Unfortunately, the only available on-line parish records for Thatcham are transcriptions with the earliest baptism an unnamed Diggwid dated 16 March 1627, earliest marriage John Digweed/Digwood to Mary Norcutt on 30 November 1612 and earliest burial of John Diggwid on 16 August 1629. When I looked at a small selection of the Thatcham parish records, I found the following additional surname variants: Diggweed, Diggwidd and Dugwidd. A trip to consult the originals at the County Record Office is now on my list.
My Digweed ancestors continued to live near the parish of Thatcham, probably until the middle of the 18th century, when they next appear in the parish records for Hampstead Norris in Berkshire. William (1739-1823), my 4th great grandfather, married his wife Sarah Shackler (1739-1796) on 10 March 1765 in St Mary the Virgin, Hampstead Norris (see following photograph).
William and Sarah’s 6th son, John (1791-1855), my 3rd great grandfather, was baptised on 29 May 1791 in St Mary’s Church, Hampstead Norris. He married Rachel Hilliear (1793-1851) on 26 August 1811 in St Michael and All Angels Church, Inkpen. They had at least eight children which included seven sons and one daughter. The family initially lived in Inkpen and had moved to Ham by 1817 when their second son was born. John was recorded as a farm labourer living in the village of Ham in both the 1841 and 1851 censuses. It was largely an agricultural area as described in Lewis’ 1848 topographical directory of England:
Rachel and John remained in Ham until their deaths in 1851 and 1855 respectively. The following OS map dated 1877 shows the relative locations of Ham and Inkpen and the arrow indicates that Hungerford was about 4 miles north of Ham.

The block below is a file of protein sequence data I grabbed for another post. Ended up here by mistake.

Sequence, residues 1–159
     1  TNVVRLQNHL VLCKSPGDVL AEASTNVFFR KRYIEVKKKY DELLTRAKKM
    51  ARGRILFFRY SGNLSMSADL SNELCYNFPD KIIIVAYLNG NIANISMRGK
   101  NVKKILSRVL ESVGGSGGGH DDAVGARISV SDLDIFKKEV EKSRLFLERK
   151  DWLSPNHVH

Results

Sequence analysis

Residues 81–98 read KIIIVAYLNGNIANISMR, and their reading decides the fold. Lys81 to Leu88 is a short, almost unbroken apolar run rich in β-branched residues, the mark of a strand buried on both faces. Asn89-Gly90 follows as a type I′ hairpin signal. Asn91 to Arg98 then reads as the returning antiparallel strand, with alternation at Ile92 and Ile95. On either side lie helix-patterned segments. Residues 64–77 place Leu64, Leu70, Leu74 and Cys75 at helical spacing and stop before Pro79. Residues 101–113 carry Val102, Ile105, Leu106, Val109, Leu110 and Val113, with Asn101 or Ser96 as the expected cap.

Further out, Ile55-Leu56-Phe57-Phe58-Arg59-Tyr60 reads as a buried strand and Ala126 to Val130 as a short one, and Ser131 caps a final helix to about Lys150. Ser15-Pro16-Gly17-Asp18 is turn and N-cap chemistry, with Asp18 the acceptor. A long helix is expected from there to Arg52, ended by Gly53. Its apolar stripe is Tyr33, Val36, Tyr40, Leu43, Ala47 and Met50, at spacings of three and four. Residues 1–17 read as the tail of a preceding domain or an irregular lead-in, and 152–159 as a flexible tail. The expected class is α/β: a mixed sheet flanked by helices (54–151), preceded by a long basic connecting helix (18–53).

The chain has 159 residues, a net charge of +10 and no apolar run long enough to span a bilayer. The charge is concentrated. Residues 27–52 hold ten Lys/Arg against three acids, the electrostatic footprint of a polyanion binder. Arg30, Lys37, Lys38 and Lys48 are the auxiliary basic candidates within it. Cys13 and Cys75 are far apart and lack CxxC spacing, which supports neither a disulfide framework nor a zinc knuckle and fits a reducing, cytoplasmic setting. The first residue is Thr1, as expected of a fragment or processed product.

John and Rachel’s youngest son was my 2nd great grandfather Thomas (1836-1910). He was baptised on 1 May 1836 in Ham parish church and, at the age of 14, was recorded as an agricultural labourer in the 1851 census in Ham. Thomas married Mary Ann Tuttle (1837-1900) on 1 May 1959 in St Mary’s Church, Reading. The family were living in Sherfield upon Loddon, Hampshire by the time my great grandfather Francis (1873-1959) was born.
Francis was only recorded with his parents in the 1881 census. By 1891 he was a boarder in a household in Hayes, Middlesex, where he was described as a “groom domestic servant”. At some point he moved to Yorkshire where he married my great grandmother Violet Kate Richardson (1878-1971) on 16 October 1900 in St Helen’s Church, Stillingfleet. By 1901 they were living at West Marton near Skipton where Francis was working as a “coachman domestic servant”.
It is likely that the family had moved to Escrick, near York, by 1905. In 1911 Francis, Violet and six children where living at Escrick Park with Francis described as a “coachman domestic”. He continued to work for the Lawley/Forbes-Adam family and in 1939 was described as a “Chauffeur”. The following photograph shows him with the car he drove:
Francis and Violet continued to live in Escrick Park until their deaths in 1959 and 1971, respectively. The following photograph is of Francis and Violet’s grave in St Helen’s Churchyard, Escrick.